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RFS calls for urgent clarity over new ash regulations
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Ash trees © Debbie Cotton

Date Issued: 29 October 2012


The Royal Forestry Society (RFS) is calling for clear guidance for woodland owners and managers wondering how to proceed with planting schemes which include ash among the species, and is seeking clarification on how movement restrictions will be applied within the UK to existing ash stock intended for planting this winter.

While welcoming confirmation of a ban on ash imports, and the announcement of task force headed by the Government’s Chief Scientific Advisor Professor Ian Boyd, RFS Management Committee Chair Andrew Woods warns that many woodland owners and managers have been left wondering whether they can go ahead with planting schemes – some of which may have been approved for woodland grants – this season.

October to April is the main planting season. Many of the UK’s woodlands are made up of a mix of ash with other native trees, such as oak. Woodland grants are approved by the Forestry Commission for planting schemes which can include these mixes.

Andrew Woods said: “With stocks of native ash not able to meet ash demand, and imported stock now, rightly, banned, woodland owners and managers are looking for advice on what to do. They want to know whether to substitute alternative species for ash or simply raise the percentage of other species already in the mixture.

“There may also be schemes where some planting compartments which do not involve ash could go ahead, but where other areas which include ash may not. We are not clear yet what implications it might have on grant payments should planting schemes be only partly implemented because of this crisis.”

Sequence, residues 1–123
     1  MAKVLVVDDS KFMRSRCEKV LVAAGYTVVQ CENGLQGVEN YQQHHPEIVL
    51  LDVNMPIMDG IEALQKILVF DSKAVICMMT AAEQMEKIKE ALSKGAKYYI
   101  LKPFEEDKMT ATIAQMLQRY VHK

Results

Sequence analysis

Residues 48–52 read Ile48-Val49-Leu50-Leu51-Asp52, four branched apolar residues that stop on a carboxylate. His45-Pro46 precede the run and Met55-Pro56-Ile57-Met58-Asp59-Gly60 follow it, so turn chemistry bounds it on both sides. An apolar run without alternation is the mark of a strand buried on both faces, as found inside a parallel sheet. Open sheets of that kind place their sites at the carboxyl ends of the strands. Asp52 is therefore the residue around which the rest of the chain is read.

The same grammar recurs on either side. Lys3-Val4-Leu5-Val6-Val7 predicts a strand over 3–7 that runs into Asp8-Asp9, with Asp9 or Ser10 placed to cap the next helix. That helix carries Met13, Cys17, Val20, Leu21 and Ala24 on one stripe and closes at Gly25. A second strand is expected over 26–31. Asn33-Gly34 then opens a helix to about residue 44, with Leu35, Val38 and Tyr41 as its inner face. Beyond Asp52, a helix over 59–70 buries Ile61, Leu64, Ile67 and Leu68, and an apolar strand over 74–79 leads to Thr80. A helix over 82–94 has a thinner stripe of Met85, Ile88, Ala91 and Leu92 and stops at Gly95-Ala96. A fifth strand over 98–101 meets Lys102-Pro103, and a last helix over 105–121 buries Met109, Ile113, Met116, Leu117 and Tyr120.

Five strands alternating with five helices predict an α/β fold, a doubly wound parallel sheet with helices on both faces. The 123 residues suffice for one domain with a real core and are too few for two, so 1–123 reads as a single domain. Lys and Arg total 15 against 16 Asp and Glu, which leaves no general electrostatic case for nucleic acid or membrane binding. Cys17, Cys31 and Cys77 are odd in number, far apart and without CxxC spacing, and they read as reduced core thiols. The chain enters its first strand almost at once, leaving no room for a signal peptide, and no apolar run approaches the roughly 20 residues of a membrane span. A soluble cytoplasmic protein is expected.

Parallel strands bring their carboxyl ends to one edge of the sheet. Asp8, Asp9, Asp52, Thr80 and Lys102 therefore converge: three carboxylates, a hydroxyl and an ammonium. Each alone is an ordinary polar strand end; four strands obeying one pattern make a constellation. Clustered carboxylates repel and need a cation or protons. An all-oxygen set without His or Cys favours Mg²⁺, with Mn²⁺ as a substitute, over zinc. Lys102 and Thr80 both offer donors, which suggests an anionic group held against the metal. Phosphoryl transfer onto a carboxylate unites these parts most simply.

Ash dieback (Chalara fraxinea) is a fungal disease and widespread on the Continent – in Denmark it has killed 90 per cent of all ash. The recent announcement of findings in native trees in East Anglia, in addition to imported trees, suggests that ash dieback may now be spreading across native trees, raising the spectre of a loss of trees in the countryside and in towns on a scale last seen by Dutch Elm Disease. Eighty million trees may be at risk in the UK.

Suspected cases of ash dieback MUST be reported. Details of how to identify and report the disease and are available on the Forestry Commission web site with further details at The Forestry Commission has today released a useful video (on YouTube) which provides advice on how to identify Chalara fraxinea symptoms in the field.





Important information for visitors to woodlands

Please arrive in clean footwear – and scrub up again before leaving the venue.

The RFS follows the biosecurity measures recommended by the Forestry Commission (FC) and Defra to minimise the risk of spreading soil-borne tree infections. Clean boots are a first step!

For further information, please visit the Forestry Commission’s biosecurity page, which contains information about plant pests and diseases, plus downloadable posters and factsheets.